10. The method of terminating a signal transmission line of claim 8 wherein the step of applying an insulating layer on said surface of said substrate closest to said wedge-shaped region comprises growing an oxide layer on said surface closest to said region.
The present invention relates generally to printed circuit wiring boards and more specifically to signal attenuating terminations for signal transmission lines on semiconductor printed circuit wiring boards.
The use of signal transmission lines on semiconductor printed circuit wiring boards to carry data pulses from one VLSI chip to another is known in the art. Such a board is described and claimed in R. 0. Carlson, H. H. Glascock, J. A. Loughran and H. F. Webster copending patent application, Ser. No. 635,697, filed July 30, 1984, now U.S. Pat. No 4,541,035, issued Sept. 10, 1985, which is assigned to the assignee of the present application. Sometimes these transmission lines must be terminated at locations where no load is present. The absence of a matched load having the same characteristic impedance as the transmission line can result in pulses being reflected from the unloaded terminating end and returning down the signal transmission line as false pulses.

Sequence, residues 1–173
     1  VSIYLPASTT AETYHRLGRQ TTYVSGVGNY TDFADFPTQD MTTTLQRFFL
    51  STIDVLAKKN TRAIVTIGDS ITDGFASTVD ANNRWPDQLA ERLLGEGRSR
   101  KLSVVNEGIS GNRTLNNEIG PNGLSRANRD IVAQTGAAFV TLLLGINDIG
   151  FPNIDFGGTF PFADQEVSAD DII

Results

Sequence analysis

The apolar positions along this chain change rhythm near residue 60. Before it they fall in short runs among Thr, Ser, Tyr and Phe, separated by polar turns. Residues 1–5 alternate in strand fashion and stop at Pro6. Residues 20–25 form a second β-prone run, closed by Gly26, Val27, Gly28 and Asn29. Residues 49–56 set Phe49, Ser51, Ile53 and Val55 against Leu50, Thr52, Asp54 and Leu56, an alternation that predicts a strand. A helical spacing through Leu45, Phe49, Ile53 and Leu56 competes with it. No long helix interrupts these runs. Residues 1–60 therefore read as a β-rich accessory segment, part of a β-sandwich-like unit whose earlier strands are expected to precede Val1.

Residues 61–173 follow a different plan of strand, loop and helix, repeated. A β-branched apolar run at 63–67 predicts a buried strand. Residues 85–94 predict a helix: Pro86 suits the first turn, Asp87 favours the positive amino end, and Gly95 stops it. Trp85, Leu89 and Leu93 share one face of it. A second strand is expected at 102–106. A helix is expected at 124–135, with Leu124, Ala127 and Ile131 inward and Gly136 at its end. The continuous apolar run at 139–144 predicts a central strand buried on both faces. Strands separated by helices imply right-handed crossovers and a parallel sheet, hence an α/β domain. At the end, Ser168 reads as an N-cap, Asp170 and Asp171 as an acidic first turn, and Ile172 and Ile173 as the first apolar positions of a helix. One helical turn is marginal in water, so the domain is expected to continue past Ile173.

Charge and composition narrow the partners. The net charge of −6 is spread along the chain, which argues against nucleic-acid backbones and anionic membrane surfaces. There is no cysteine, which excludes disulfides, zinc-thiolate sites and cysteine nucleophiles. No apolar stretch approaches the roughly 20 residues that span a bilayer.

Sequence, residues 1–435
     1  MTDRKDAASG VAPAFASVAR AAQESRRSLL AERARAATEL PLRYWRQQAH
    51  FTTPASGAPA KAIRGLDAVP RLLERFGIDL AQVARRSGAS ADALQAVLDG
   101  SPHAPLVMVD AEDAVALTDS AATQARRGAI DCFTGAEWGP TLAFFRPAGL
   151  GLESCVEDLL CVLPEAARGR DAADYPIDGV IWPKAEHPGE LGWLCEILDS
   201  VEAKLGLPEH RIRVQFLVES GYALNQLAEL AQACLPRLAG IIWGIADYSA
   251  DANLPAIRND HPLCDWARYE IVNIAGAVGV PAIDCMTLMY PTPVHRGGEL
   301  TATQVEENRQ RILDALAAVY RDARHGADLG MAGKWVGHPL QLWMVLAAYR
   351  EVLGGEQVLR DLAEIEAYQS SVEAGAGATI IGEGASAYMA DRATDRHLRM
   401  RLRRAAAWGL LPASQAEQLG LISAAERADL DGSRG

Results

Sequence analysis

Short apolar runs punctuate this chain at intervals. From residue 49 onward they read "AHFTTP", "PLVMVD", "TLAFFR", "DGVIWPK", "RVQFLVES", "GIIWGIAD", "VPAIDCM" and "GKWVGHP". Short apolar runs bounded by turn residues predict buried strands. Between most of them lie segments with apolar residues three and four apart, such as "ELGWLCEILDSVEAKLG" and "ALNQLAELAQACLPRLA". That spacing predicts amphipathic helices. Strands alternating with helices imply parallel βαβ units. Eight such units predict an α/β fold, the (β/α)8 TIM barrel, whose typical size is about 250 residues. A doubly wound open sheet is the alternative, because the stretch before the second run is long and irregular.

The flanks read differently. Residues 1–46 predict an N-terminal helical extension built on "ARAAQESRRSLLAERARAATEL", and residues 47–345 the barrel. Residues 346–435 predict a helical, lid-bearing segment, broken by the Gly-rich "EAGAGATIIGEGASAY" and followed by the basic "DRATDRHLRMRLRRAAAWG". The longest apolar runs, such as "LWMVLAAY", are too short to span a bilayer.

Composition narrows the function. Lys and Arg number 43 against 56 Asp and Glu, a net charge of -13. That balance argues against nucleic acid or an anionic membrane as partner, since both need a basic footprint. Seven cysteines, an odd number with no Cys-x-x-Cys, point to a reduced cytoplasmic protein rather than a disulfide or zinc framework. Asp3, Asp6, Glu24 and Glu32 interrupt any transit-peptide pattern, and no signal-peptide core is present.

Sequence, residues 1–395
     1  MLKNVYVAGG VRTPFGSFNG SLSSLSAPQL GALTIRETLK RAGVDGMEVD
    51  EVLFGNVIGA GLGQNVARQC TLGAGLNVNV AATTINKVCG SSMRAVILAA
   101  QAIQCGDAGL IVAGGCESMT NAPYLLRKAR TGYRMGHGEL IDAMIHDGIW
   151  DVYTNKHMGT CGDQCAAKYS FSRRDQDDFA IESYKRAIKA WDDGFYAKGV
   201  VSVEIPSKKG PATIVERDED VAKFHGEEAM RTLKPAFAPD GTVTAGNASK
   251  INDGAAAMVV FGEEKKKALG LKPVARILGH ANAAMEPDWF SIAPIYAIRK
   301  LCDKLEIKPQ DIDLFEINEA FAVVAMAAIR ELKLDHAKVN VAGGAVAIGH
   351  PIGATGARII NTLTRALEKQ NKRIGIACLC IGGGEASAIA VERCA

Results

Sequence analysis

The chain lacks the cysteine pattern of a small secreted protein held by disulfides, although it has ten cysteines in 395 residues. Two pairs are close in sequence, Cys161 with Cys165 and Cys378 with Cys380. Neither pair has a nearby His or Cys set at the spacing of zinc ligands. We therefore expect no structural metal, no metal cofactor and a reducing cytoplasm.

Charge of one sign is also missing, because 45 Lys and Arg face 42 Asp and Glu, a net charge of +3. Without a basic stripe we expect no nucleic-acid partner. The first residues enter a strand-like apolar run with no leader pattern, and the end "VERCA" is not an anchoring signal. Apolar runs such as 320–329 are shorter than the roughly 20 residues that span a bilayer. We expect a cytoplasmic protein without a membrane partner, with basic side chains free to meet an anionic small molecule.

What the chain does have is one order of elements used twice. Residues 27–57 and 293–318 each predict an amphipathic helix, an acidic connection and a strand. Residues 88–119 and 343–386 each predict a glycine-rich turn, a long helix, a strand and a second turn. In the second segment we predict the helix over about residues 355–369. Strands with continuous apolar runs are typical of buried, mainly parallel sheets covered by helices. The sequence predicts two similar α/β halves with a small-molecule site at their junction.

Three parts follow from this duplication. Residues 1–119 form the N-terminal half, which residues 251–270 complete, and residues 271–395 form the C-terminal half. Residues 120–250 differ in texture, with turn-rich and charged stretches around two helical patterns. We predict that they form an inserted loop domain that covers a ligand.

It is therefore a primary object of the present invention to provide a semiconductor printed circuit wiring board having signal transmission lines which do not carry reflected pulses from unloaded terminating ends.
It is a further object of the present invention to provide a semiconductor printed circuit wiring board having signal transmission lines with attenuating terminations.